Saturday, May 23, 2020

White-Tailed Antelope Ground Squirrel

I got my first-ever photo of a white-tailed antelope ground squirrel today. I've seen many over the years, but they are so fast, so small and so inclined to keep moving that they've eluded me until today. Today I photographed two of them. 
White-tailed Antelope Squirrel.png
Range of the white-tailed antelope ground squirrel - from Wiki
They have brown to gray fur with a white stripe on each side running from  the shoulder to the hind end. They have white bellies and the underside of their tails is white. When they run they curl their tails over their backs so that the white tailed is what you primarily see of them. The tail also has a black stripe. They eat foliage, seeds, arthropods and, surprisingly to me, lizards and rodents on occasion. They are eaten by larger predators, but also fall victim to ticks, fleas, mites and lice. They are primarily active during the day during the cooler daylight hours. They appear to favor daylight to avoid the greater number of predators active during nighttime.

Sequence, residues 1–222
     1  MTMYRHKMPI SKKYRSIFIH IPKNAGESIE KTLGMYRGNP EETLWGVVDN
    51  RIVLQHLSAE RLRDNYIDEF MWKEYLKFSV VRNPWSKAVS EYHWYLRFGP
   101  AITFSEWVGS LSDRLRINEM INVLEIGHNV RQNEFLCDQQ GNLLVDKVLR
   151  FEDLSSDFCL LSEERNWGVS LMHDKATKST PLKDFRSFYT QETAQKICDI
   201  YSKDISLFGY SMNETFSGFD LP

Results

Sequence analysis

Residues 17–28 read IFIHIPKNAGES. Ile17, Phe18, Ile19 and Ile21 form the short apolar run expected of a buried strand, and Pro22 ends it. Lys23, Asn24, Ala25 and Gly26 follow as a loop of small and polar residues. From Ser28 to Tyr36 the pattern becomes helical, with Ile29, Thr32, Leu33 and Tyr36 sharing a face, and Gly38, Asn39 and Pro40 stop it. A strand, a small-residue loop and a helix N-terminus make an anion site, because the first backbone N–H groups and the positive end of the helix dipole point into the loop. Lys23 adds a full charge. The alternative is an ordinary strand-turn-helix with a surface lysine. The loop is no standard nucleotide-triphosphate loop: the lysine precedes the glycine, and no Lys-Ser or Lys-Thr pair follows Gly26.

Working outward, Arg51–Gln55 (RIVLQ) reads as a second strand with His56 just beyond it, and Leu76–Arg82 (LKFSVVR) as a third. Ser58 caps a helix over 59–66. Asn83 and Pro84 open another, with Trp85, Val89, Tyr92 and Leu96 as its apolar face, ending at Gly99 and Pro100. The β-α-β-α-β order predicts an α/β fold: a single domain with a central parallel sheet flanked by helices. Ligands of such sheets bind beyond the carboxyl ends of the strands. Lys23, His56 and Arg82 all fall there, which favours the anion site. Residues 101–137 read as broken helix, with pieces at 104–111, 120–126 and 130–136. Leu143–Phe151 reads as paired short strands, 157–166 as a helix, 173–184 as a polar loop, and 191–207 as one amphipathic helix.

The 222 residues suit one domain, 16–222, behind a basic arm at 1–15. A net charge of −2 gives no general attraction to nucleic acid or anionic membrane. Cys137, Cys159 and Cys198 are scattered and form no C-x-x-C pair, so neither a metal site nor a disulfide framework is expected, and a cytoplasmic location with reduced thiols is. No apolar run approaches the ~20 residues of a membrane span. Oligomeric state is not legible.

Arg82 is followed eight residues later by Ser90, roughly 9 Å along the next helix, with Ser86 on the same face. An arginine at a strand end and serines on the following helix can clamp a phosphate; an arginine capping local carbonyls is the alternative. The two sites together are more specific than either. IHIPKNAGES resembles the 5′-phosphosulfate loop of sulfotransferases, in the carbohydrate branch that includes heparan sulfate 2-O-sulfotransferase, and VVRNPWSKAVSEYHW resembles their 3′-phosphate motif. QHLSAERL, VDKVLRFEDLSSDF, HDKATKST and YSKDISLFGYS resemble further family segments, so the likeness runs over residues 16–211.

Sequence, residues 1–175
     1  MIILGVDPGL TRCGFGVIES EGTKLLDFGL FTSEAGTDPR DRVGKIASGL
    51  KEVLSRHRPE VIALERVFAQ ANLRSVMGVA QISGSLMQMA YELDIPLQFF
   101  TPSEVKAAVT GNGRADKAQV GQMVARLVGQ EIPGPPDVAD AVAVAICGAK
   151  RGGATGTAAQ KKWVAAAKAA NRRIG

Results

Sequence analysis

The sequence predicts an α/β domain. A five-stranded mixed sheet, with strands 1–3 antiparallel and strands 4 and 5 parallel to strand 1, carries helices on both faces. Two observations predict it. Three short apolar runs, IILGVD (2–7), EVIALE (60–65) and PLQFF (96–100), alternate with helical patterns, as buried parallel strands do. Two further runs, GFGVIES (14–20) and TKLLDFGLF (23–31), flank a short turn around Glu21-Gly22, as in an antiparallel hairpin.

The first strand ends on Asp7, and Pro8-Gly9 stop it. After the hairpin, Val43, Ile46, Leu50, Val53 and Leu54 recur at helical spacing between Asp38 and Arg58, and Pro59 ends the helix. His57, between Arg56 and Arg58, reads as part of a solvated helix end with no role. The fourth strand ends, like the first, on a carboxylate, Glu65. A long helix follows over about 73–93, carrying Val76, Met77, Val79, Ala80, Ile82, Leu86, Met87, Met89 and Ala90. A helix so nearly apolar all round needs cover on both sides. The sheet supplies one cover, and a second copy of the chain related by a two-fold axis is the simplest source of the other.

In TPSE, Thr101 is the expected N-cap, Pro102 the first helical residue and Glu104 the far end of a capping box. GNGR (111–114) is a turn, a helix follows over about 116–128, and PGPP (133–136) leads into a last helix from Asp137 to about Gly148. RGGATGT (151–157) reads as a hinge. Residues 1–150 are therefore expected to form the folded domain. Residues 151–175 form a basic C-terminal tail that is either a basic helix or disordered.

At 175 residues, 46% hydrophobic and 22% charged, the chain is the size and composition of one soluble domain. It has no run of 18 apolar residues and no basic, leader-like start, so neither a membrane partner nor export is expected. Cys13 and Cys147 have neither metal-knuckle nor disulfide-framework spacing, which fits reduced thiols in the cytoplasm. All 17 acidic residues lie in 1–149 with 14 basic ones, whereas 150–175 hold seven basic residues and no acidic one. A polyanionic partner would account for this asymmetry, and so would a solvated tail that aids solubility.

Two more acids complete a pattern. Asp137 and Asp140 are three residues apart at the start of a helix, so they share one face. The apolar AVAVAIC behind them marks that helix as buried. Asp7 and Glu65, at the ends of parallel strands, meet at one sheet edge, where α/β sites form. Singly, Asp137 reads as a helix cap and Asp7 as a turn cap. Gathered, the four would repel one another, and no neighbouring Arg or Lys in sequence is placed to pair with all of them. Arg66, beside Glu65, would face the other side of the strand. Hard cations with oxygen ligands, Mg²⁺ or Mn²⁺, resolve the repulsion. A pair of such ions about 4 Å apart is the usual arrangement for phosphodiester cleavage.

The first one I photographed was off Hayfield Road while I was walking. 
Note that the tail is curled up over its back so that you see the white underside. 
This photo also shows the tail over the back, but you can see the black top of the tail and the white belly.  
The second was near Corn Springs which is about 15 miles further than Hayfield Road and 8 miles up a dirt road. I was driving slowly in my car looking for chuckwallas off the side of the road in the rocks. 
Here it is running up some rocks and the tail is not curled up over its back. 
Then it makes a great leap across a chasm to a higher ledge. 
And catches the edge of the rock.
Then climbs up onto the ledge and disappeared.

1 comment:

  1. Wow, these are AMAZING photos. The bodies are so tiny relevant to the head and long legs.